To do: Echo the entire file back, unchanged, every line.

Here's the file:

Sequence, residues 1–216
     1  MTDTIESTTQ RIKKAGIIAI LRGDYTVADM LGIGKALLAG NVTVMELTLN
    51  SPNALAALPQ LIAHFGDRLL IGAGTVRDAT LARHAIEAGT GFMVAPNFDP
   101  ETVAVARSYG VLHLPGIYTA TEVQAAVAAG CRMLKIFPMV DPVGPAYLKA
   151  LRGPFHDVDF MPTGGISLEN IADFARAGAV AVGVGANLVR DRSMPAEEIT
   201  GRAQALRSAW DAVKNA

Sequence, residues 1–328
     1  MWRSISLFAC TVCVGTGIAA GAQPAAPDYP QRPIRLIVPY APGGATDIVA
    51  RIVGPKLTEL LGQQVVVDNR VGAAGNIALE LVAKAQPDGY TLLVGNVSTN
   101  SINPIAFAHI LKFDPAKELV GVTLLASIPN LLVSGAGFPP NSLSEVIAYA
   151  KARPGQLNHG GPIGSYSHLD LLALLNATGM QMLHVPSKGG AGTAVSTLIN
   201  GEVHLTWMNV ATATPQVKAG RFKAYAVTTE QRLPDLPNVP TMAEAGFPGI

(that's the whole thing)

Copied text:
Sequence, residues 1–216
     1  MTDTIESTTQ RIKKAGIIAI LRGDYTVADM LGIGKALLAG NVTVMELTLN
    51  SPNALAALPQ LIAHFGDRLL IGAGTVRDAT LARHAIEAGT GFMVAPNFDP
   101  ETVAVARSYG VLHLPGIYTA TEVQAAVAAG CRMLKIFPMV DPVGPAYLKA
   151  LRGPFHDVDF MPTGGISLEN IADFARAGAV AVGVGANLVR DRSMPAEEIT
   201  GRAQALRSAW DAVKNA

Sequence, residues 1–328
     1  MWRSISLFAC TVCVGTGIAA GAQPAAPDYP QRPIRLIVPY APGGATDIVA
    51  RIVGPKLTEL LGQQVVVDNR VGAAGNIALE LVAKAQPDGY TLLVGNVSTN
   101  SINPIAFAHI LKFDPAKELV GVTLLASIPN LLVSGAGFPP NSLSEVIAYA
   151  KARPGQLNHG GPIGSYSHLD LLALLNATGM QMLHVPSKGG AGTAVSTLIN
   201  GEVHLTWMNV ATATPQVKAG RFKAYAVTTE QRLPDLPNVP TMAEAGFPGI